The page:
"I'm waiting for someone," he said.

She sneered. "That's what they all say," she said.

"Get lost," he said.

She shrugged. "Okay, fine," she said. "But if you work up some courage, I'm in that room up there." She pointed to a window on the second floor of the apartment building. "When the music is playing, it means I'm busy. No music means you can come on up." She turned around with an exaggerated swing of her hips and sauntered across the alley. She paused at the door and cast a look back at him. He stared her down without moving a muscle. She turned away with a shrug of her shoulder and disappeared behind the door.

Driftwood thought it over. That was the problem with staying in one place. Still water became stagnant. He thought again about Eddie. If something happened to the boy, how long would it be before someone made the connection between him and Driftwood? How many people had seen Driftwood? How many would see Eddie? How many would see the two of them together?

Even as his mind churned on these thoughts, the woman appeared in the second floor window above. Her shoulders were bare and she stood in the exact center of the window frame, staring down at Driftwood with apparent disinterest. After a moment she bent down out of sight, then rose up again, holding a boom box stereo. She placed it on the sill, speakers facing out into the alley. Then she turned away. The boom box sat on the edge of the sill, mute.

Driftwood shifted further back in the shadows. Besides gas, he would need money. Not much. Just enough keep him in fuel and road food. And damn Nanna for not having the money! If the old cow had been even half of what everyone said about her, Driftwood would be well on his way to Alaska. But he couldn't afford to waste his energy raging about that now. He peeked from behind the dumpster at the pickup again. How much gas was in the tank?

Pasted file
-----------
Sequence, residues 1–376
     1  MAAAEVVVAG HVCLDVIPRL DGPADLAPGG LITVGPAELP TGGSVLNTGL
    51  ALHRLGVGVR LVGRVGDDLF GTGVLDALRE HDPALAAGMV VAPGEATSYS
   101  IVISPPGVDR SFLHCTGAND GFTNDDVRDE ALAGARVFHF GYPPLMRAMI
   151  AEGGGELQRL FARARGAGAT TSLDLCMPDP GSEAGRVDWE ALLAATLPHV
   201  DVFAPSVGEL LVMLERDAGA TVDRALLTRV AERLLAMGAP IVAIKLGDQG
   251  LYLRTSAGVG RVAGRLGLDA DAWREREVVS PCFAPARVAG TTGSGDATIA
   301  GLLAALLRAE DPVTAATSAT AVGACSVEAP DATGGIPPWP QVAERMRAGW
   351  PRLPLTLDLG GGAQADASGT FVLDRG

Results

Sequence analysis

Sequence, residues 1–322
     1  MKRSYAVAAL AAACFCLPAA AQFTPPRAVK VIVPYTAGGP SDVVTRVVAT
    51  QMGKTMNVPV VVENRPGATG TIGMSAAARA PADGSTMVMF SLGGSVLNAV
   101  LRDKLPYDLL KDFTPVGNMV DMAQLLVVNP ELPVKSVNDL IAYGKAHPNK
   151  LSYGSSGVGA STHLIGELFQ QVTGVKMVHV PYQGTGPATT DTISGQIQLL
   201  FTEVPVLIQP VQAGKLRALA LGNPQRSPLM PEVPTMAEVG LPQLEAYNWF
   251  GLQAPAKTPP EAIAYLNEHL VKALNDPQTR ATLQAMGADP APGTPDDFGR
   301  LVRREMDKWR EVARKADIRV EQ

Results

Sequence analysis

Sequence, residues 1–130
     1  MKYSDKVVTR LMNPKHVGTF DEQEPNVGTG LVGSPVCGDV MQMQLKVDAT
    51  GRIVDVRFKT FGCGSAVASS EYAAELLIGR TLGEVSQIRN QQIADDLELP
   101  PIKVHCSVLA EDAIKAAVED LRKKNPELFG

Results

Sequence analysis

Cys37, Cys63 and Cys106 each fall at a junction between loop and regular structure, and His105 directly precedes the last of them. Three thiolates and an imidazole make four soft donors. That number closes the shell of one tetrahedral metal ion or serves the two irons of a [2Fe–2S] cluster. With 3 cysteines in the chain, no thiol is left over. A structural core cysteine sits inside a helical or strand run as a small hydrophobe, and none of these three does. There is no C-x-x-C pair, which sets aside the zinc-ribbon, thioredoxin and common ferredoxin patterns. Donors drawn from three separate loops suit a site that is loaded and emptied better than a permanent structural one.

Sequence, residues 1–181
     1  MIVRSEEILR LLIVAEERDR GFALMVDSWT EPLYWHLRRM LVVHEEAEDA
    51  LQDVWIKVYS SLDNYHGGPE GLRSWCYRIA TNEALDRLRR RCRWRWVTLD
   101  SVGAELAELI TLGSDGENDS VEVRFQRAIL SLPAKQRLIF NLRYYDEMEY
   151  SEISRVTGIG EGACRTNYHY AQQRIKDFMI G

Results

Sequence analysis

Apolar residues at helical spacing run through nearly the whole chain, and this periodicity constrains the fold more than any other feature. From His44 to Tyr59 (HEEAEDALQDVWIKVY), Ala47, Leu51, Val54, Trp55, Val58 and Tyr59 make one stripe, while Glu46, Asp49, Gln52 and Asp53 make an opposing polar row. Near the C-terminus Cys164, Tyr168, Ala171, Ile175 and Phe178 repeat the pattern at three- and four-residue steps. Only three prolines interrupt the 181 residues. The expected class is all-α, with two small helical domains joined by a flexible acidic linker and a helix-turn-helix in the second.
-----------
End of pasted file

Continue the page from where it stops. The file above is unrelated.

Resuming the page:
As he watched, a middle-aged man, dressed in slacks and a polo shirt stole down the alley from up the way. His movements suggested he was trying to be discreet, but the bright, clean clothes he wore stood out amid the darkness and drab of the alley.

Driftwood watched as the man, apparently unaware of Driftwood's presence, stopped near the pickup and glanced about carefully. He looked up toward the window where Driftwood had seen the young woman and stood still, listening. Then he opened the door and disappeared into the building.

Driftwood waited.

After a minute, the woman on the upper floor reappeared at the window. She hit the switch on the boom box. Music blared out into the alley; a local radio station. She turned and was swallowed by the vacancy beyond the window.

Music will at least help pass the time, Driftwood thought. He raised an imaginary glass to the window. Here's to business. He settled back and continued to wait.

To be continued...

Read Part I here.Read Part II here
Read Part III here
Read Part IV here.
Read Part V here
Read Part VI here
Read Part VII here
Read Part VIII here
Read Part IX here.  
Read Part X here
Read Part XI here
Read Part XII here.  
Read Part XIII here
Read Part XIV here
Read Part XV here.  
Read Part XVI here
Read Part XVII here
Read Part XVIII here.